The other day I was in a bad mood all day. I just felt like I had too much to do and everyone was annoying me. By evening I was just exhausted and irritable. Finally having a chance to relax, I played a comedy special I had downloaded on my computer and found myself giggling away within seconds, all my stress melting away.
It's amazing how powerful humor can be.
Laughter is one of the greatest things about life. It has so many benefits: it gets your heart rate up, burns calories, relieves stress, releases those feel good endorphins and helps promote positive thinking. It's just an all-around wonder drug.
Being able to make others laugh is a great gift. I love watching stand-up comics perform. They do such an awesome job of talking about everyday things and making them funny. One thing I think is so important to have is the ability to laugh at ourselves. Comedians are really good at that, and they help us to laugh at ourselves as well.
Sometimes in life, you just have to laugh. Being able to laugh at those little screw-ups we make or the silly things the kids or pets do gives us a break from the dreary and serious routine of work, the pressures at home, the bills piling up and having to deal with whatever problems may jump out at us.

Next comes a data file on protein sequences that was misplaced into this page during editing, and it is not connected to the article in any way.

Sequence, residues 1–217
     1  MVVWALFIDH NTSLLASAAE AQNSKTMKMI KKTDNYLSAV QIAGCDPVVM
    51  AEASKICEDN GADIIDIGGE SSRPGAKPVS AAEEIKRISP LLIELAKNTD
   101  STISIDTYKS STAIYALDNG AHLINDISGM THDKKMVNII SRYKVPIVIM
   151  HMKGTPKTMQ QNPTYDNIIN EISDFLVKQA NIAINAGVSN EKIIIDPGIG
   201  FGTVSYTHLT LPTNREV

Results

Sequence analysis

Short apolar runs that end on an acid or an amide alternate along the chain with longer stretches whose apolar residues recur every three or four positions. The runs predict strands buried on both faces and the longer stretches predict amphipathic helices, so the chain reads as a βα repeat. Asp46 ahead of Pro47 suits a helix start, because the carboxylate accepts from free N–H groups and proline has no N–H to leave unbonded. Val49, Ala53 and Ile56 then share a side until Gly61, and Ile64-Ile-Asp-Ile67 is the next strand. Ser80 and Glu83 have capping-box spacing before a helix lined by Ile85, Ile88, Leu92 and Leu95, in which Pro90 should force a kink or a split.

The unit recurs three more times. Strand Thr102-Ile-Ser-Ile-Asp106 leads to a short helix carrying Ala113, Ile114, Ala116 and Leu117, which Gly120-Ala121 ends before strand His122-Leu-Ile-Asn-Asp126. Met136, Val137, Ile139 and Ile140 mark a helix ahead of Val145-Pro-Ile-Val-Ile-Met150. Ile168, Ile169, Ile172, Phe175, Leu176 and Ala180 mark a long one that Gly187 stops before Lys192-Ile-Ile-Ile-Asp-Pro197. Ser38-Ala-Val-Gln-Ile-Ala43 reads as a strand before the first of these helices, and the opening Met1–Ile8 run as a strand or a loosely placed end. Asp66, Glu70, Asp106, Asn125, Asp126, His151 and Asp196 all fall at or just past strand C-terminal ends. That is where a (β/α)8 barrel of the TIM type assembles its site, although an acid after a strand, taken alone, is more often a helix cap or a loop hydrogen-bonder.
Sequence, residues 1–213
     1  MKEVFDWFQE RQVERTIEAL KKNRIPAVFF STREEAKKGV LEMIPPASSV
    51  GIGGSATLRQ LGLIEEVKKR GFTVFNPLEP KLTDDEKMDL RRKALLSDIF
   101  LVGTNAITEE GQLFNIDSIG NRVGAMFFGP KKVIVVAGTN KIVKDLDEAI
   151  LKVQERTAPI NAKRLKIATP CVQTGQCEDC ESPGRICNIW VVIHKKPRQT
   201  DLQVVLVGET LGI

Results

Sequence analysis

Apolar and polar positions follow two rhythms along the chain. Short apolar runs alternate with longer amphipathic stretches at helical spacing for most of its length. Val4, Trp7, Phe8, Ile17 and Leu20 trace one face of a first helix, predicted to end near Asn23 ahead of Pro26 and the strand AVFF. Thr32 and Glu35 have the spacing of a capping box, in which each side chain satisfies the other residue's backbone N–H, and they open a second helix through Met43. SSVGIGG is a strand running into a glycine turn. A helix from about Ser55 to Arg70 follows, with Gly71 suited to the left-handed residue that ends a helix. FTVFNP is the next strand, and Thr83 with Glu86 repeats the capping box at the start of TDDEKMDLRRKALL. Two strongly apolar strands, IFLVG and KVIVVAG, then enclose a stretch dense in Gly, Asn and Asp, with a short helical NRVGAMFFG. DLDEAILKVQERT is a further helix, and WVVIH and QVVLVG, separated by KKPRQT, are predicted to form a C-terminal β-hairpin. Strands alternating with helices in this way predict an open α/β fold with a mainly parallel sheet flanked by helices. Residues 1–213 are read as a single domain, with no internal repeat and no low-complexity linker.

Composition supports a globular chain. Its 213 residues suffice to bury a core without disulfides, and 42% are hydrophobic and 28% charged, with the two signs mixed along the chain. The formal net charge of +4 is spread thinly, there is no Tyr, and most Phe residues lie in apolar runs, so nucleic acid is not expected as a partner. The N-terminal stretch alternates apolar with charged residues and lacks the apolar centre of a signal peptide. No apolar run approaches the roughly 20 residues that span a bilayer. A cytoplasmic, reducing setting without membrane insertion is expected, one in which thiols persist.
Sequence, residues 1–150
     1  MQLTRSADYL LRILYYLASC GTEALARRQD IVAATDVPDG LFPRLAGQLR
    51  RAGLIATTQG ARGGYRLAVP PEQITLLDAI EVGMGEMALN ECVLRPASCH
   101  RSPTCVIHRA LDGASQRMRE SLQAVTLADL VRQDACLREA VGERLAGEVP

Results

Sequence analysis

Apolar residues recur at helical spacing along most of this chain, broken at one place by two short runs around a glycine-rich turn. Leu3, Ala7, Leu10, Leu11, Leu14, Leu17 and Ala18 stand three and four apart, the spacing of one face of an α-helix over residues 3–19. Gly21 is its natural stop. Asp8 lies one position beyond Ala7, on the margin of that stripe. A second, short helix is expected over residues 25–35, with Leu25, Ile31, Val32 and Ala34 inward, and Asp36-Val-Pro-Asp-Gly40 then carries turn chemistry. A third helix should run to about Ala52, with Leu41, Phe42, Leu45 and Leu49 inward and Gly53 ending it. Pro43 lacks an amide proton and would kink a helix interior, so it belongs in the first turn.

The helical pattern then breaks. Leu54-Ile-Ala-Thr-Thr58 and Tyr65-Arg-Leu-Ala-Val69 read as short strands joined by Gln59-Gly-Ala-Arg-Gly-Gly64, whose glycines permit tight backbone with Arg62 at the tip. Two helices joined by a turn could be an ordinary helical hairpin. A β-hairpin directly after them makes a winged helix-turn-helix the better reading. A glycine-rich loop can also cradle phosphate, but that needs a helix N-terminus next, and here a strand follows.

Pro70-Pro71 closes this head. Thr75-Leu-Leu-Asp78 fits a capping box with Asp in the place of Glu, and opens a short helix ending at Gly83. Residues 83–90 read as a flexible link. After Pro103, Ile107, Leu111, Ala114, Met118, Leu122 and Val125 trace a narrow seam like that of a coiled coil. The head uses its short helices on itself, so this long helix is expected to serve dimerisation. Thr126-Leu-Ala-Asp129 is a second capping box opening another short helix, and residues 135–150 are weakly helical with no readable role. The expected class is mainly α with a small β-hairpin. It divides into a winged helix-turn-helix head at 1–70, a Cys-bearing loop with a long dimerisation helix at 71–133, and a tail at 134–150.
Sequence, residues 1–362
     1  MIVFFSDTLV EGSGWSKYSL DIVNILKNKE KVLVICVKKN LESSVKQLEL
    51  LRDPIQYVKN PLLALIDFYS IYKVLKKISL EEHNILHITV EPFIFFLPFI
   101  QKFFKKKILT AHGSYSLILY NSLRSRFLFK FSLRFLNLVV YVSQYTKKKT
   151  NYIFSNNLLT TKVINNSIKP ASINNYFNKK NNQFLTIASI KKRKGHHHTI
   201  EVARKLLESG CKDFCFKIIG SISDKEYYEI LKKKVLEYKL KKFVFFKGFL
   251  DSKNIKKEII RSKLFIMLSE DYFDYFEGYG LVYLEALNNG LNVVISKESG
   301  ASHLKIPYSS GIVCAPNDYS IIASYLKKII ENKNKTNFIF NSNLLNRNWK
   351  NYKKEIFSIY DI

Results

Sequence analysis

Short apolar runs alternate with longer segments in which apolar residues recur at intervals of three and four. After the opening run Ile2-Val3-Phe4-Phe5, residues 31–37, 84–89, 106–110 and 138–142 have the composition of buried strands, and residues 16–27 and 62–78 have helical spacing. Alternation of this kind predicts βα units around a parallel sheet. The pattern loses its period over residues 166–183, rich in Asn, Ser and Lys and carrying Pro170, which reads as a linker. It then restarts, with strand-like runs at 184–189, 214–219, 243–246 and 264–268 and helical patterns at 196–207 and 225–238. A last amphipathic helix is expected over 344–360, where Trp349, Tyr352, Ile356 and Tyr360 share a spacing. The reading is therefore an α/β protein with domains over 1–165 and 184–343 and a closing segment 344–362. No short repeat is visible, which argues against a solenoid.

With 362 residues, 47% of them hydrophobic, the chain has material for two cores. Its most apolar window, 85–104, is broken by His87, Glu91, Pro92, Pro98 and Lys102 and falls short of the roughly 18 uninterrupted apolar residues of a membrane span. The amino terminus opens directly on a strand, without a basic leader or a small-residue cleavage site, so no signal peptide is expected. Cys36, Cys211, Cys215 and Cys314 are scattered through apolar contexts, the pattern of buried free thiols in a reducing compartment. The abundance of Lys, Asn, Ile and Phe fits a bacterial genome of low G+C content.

While MS is no laughing matter, I have found not taking some of its effects on me too seriously makes them easier to deal with. Walking a lot slower than I used to is a pain, but when people are waiting for me I just smile and say, "Here I come" or "I'm on my way, just a little slow these days."
Having MS has also turned me into a klutz. No matter how hard I try, I cannot avoid the occasional clumsy episode. I trip, I fall, I veer to the left. I have fallen in the snow three times this winter just while shoveling or brushing off the car. Picture a tree toppling over in the forest. Timberrrrr! That's me.
I could easily get frustrated by the physical challenges in my life. Falling down and having to struggle to get back up is no picnic to be sure. I have learned to make light of my own lack of coordination, though.
A couple I know came over a while back with their eighteen-month-old boy. We were on the front porch and he started climbing down the steps using his arms and legs and I said, "He goes down the steps like I do."
Sometimes I do feel like a toddler - physically. I mean, I'm not throwing tantrums or grabbing whatever I want and saying it's mine. A grown woman acting like that - now that would be funny.
Recommended reading: Someone I think was really funny was Erma Bombeck. Her humor-filled tale of her life as a suburban mom in The Grass is Always Greener Over the Septic Tank is a page-turning laugh riot.